Klaus Hahn, a scientist at the University of North Carolina, says "true spatiotemporal analysis of signaling via high content" would turn out to be "a really exciting wave of the future" in bioimaging. He also emphasizes the need for better multiplexing capabilities as researchers move to multi-parameter measurements within individual cells.
Another improvement will be in whole-organism imaging, predicts Brophy at GE. He sees leading-edge users moving into imaging small model orgs such as zebrafish to better understand their biology. After that, he expects to see more interest in tissue imaging and, with that, a move toward increasingly clinical applications for bioimaging.
Ultimately, the idea is to conduct high-throughput, high-speed bioimaging experiments, generate tremendous data sets that would be analyzed automatically, and from that the computer would spit out systems biology models based on the patterns that emerged, says Bob Murphy at Carnegie Mellon. His team has worked recently on tackling this challenge; the goal is to "describe the way in which patterns are generated so that you can synthesize new images which, in a statistical sense, are drawn from the same distribution that you use to train [the algorithm]," he says. "We believe those kind of generative models are going to be analogous for protein location patterns to hidden Markov models ... for sequence data."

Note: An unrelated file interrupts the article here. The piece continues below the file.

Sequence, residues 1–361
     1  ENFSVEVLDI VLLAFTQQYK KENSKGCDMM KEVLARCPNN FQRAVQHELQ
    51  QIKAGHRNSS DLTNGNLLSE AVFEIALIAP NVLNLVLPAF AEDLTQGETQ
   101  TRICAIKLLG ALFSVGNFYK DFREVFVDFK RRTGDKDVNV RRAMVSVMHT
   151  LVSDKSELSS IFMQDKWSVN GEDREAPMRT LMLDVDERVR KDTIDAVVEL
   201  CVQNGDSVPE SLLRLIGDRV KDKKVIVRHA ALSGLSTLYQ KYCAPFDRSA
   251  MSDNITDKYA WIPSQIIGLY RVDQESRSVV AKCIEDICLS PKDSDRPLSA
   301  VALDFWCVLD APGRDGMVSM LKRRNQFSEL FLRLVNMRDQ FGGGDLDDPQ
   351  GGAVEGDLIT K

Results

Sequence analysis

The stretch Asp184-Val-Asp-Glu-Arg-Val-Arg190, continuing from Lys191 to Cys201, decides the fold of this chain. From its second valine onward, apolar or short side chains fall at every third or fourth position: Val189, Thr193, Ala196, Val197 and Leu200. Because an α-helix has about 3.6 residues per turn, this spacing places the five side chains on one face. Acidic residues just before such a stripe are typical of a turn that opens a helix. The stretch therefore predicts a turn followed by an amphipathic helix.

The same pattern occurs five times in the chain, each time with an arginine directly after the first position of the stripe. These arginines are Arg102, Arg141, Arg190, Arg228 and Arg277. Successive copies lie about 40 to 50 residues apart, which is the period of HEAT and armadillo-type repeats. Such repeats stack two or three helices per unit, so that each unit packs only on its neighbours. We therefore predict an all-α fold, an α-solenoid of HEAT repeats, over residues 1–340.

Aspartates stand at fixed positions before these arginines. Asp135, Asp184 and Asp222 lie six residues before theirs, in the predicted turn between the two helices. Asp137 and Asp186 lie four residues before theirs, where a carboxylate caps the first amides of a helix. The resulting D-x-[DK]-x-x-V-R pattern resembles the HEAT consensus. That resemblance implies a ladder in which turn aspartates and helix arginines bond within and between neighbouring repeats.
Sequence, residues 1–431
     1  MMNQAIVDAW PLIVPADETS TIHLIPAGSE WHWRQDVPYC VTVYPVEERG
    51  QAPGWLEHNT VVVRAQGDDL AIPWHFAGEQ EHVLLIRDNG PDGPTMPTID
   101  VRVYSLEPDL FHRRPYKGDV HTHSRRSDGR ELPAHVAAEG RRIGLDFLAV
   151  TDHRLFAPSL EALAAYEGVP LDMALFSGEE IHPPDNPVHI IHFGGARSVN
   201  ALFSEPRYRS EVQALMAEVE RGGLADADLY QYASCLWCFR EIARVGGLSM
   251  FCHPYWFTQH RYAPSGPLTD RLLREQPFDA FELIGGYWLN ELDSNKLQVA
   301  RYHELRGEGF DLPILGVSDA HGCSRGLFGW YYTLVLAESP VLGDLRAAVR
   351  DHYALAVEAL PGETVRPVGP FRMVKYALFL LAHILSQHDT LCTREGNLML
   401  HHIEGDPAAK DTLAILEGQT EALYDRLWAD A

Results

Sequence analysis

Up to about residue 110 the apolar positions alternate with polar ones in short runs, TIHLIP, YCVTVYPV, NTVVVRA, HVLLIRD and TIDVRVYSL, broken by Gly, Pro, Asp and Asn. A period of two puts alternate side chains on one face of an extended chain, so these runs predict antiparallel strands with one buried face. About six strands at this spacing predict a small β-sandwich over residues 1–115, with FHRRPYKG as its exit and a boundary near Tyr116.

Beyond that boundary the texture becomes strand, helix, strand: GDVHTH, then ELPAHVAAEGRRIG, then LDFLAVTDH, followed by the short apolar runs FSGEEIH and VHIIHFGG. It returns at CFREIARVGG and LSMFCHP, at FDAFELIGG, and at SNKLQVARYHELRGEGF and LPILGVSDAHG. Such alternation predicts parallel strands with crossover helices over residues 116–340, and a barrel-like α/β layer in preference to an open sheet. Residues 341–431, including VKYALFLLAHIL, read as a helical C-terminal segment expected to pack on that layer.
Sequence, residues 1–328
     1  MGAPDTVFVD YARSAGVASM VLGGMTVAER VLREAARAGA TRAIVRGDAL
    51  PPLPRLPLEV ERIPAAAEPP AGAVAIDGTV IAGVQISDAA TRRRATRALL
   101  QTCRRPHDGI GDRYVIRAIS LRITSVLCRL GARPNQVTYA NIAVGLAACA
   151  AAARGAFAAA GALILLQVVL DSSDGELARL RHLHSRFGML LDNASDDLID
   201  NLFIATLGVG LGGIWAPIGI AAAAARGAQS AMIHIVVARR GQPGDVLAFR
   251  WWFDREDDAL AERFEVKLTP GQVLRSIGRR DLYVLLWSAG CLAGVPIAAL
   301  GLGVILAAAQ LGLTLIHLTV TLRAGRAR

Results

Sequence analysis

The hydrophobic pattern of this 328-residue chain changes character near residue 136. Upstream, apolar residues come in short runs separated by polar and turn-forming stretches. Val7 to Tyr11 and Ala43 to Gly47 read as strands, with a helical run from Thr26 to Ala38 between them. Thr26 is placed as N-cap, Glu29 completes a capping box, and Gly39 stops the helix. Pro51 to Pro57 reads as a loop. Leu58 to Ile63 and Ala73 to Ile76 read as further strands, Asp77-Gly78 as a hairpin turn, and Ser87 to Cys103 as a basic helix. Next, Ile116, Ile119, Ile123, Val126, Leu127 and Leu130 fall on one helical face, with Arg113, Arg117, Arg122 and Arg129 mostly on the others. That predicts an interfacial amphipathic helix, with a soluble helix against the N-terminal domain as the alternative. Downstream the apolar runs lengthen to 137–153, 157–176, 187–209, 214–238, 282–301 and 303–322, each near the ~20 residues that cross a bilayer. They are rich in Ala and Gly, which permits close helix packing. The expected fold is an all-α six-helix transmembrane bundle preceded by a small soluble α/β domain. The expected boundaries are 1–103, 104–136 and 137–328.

Image-based modeling, says Horwitz at the University of Virginia, is "in one sense a post-genomic paradigm for a cell biological process."
Machine-learning algorithm tackles proteome-wide image analysis
ob Murphy is used to having to prove his ideas. A scientist and professor at Carnegie Mellon University, his early experiences with imaging told him that any chance for the technology to be high-throughput was going to mean computational tools that would automatically analyze images for patterns. But what was obvious to him was a joke to most everyone else.
"At the time we began this, there was a very clear conviction among nine out of 10 cell biologists I talked to that machines weren't suitable for understanding ... protein patterns," he says. When his team set to work on the task in the mid-'90s, their first goal was just to establish that computers could analyze patterns as well as humans could. "It turned out they could recognize and analyze patterns even better than people," he says.